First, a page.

CAR ACCIDENT MYTHS YOU SHOULDN’T BELIEVE: PART 1

CAR ACCIDENT MYTHS YOU SHOULDN’T BELIEVE: PART 1

Did you know that three million people are hurt in auto accidents each year in the United States? Hopefully, you’re never one of those people. But in the event of an accident, you should be prepared to handle what comes next. Unfortunately, from what to do after an accident to hiring a personal injury lawyer, there are a lot of myths that can lead people astray. So to help set the record straight, this two-part series is going to debunk a few common myths about car accidents.

It’s okay to leave the scene of an accident.
No matter how minor the accident was, you should never leave the scene. If you’re wondering what to do after a car accident, leaving the scene is not something you should do. Leaving the scene of an accident can result in charges and heavy fines. Instead, here’s what to do after a car accident:

    • Pull over and check for injuries
    • Call the police to have a report filed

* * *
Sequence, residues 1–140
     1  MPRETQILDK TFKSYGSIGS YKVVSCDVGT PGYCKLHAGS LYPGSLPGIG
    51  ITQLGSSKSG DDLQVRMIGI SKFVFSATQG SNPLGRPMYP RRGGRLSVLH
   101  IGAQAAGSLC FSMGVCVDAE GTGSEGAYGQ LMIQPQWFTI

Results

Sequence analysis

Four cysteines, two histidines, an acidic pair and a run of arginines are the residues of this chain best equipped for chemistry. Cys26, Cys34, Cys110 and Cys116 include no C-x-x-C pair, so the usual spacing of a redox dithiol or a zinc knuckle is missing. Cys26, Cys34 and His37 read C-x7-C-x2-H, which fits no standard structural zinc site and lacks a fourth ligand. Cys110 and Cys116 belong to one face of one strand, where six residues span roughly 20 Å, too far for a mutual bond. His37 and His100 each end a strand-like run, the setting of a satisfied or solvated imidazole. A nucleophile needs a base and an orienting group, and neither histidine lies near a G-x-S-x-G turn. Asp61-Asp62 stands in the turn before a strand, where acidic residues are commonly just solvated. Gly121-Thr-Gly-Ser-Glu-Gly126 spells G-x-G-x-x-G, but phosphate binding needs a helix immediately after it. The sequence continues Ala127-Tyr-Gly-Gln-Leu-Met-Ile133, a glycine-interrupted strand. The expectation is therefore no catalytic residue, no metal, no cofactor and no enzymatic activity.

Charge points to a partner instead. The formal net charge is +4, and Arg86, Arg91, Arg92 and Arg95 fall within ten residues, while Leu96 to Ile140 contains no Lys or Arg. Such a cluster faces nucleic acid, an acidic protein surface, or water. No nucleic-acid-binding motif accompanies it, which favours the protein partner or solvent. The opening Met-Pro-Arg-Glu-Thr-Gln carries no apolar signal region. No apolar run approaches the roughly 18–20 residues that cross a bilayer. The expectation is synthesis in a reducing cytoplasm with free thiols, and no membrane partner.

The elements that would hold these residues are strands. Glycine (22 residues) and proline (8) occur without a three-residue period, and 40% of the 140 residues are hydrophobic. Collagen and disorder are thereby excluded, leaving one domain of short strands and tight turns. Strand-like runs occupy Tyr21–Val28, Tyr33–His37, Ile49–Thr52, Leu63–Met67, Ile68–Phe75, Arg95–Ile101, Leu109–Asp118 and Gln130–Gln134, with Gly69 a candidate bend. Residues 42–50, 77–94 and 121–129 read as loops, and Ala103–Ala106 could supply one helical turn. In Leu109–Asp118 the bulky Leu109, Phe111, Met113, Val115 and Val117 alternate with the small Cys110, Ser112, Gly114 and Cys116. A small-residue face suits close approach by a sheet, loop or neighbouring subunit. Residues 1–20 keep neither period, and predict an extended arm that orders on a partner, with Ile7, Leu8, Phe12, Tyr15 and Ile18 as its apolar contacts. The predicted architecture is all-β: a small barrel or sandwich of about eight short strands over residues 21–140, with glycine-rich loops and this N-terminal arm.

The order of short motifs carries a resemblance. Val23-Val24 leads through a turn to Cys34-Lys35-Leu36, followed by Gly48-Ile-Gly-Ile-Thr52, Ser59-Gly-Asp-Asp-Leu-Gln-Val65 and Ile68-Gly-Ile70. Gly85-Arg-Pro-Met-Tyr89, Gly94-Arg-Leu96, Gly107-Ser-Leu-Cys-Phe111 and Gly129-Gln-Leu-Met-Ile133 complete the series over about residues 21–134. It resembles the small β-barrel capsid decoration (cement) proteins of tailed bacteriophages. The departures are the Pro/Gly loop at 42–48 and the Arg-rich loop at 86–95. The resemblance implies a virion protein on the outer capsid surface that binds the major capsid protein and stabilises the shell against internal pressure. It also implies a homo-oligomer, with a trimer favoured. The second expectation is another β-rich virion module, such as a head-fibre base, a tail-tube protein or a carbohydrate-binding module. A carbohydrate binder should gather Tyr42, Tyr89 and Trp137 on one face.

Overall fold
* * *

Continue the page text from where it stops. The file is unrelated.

• Receive medical care for any injuries
    • Exchange important information with the other driver, including insurance information, drivers license information, and contact information
    • Take photos of the scene
    • Do not admit fault to the accident without consulting a car accident attorney first
  • Notify your insurance company of the accident

I don’t need to see a doctor if I don’t have any noticeable injuries.
Unfortunately, not all injuries will be present immediately following the accident. In fact, many injuries or health conditions that result from car accidents take time to develop. This is why it’s important to receive medical care even if you feel fine. This is not only important to ensure you receive treatment for any injuries, but it’s also important if you decide to file a personal injury claim in the near future.

You can’t receive compensation for injuries that develop later on.
As previously mentioned, not all injuries are present immediately following an accident. So when it comes to suing for injuries after the initial accident, you can do so as long as you meet the required deadlines. A personal injury attorney will be able to determine if you are within the state’s statute of limitations or not.

In the next installment of this two-part series, we’re going to debunk a few other common myths surrounding car accidents and injuries. This piece will include important information about working with insurance companies, hiring a lawyer, and how lawyers can help you understand the complexity of personal injury law.

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